This Chapter will be the subject of the February 17 meeting in the Buxton Room – 7-8pm.
In Chapter 2, Elnes discusses uncertainty. Although we may want to believe that we have all the answers, or at least some answers, the bedrock of life is in constant motion, and we cannot know what comes next.
What is the value of uncertainty? What happens in religion, for instance, when rather than embrace the mystery, the leaders claim to have definitive answers? What happens in love when it becomes predictable?
If we are to live an engaging life, and remain engaged with others, we need something greater than certainty as a foundation. As author John Ortberg observes in his book Faith and Doubt, “We all think we want certainty. But we don’t. What we really want is trust, wisely placed. Trust is better than certainty because it honors the freedom of persons and makes possible growth and intimacy that certainty alone could never produce.
Do you find this is true in your own life? Is trust what we really want, rather than certainty?
Elnes describes a story in which Brother David Steindl-Rast counsels a man who was in conflict about the uncertainty of his path in life. Brother David described a swan whose walking on land seems awkward and sloppy, but when it enters the water, is majestic and regal. Brother David advises, rather than dwell in uncertainty and awkwardness, replace this orientation with trust, and you will move toward the place where you are meant to be. His story of the swan is woven with the work of Maria Rainer Rilke and her poem, “The Swan”. Here is a link with the text and recitation of this poem.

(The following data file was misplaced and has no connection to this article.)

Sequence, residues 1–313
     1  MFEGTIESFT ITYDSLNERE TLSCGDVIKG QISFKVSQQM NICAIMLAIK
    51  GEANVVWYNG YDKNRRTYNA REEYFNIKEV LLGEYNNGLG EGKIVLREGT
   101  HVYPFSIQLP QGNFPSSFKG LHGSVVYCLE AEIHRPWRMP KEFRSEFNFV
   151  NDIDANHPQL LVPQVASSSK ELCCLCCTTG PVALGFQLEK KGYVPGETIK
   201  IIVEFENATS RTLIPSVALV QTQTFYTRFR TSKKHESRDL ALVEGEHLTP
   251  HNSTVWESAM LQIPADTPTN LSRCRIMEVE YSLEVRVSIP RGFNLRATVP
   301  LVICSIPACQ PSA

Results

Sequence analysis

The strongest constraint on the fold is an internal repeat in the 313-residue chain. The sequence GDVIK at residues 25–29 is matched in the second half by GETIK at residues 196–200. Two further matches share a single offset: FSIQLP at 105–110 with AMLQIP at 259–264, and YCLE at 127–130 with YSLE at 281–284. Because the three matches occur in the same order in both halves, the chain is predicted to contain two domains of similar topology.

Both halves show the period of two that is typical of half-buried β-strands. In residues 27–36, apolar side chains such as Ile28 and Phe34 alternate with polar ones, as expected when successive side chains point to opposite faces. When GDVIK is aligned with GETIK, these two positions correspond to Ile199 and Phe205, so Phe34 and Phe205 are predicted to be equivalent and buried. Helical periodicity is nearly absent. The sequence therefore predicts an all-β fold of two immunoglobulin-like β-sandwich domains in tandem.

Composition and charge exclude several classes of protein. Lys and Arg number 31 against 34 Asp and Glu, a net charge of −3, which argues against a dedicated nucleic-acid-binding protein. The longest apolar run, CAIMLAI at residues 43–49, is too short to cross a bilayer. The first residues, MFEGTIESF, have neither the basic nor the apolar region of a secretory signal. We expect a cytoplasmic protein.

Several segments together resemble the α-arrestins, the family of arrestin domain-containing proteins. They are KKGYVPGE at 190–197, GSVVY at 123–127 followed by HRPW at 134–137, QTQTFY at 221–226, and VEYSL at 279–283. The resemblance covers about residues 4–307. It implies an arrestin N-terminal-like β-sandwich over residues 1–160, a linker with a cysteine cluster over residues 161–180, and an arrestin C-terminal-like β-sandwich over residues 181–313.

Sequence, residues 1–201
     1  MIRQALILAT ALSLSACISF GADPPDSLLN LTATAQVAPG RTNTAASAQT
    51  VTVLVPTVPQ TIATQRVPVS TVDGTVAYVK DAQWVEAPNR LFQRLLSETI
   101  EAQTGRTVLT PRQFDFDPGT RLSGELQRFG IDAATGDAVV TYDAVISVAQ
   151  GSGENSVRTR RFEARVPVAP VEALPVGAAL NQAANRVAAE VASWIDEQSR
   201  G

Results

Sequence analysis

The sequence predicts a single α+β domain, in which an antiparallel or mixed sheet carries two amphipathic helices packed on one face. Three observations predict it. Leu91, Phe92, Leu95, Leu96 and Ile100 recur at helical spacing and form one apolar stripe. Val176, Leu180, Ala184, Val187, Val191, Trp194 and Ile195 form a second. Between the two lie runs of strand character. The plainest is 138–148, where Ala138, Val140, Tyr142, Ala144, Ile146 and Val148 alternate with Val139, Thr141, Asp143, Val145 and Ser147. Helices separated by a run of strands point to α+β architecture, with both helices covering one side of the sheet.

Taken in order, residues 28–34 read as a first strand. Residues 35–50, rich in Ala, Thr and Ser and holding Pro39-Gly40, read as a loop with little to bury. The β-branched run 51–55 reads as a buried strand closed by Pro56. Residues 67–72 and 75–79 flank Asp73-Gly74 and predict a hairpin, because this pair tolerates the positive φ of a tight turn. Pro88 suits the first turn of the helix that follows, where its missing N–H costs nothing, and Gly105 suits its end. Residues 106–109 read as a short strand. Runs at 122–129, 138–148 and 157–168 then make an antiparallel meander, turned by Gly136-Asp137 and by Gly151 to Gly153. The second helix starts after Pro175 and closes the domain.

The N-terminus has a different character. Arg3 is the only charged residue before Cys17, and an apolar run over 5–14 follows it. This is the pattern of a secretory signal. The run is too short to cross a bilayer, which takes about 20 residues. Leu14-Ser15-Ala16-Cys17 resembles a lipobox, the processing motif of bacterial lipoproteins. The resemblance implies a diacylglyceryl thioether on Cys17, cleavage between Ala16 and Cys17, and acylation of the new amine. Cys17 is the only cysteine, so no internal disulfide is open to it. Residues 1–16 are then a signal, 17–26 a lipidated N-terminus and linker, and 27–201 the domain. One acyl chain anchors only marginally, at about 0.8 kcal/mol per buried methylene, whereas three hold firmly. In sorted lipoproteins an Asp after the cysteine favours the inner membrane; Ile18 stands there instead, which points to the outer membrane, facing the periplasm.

Have you felt like that waddling swan? Have you had the next sensation, being surrounded and lifted once you set out on the path that was meant for you? What were those times like?
Elnes considers the story of the paralyzed man at the pools of Beth-zatha. When Jesus asks the man if he wants to be healed, he does not. If he were to walk, then he would lose the certainty of his life as a beggar by this pool – he would face uncertainty, which would be worse than the life he was leading. Elnes asks, “(w)hy does Jesus bother healing this man who doesn’t want to be healed in the first place? Probably for the same reason the Holy Spirit keeps pushing all of us ‘into places we wouldn’t necessarily go ourselves.'”
Akin to the beggar at the pools of Beth-zatha, have you resisted healing in your own life? Is it uncertainty that you are avoiding? If you were healed, how were you guided to that path?
What is your reaction to the Gift of Uncertainty? What feelings did this chapter evoke?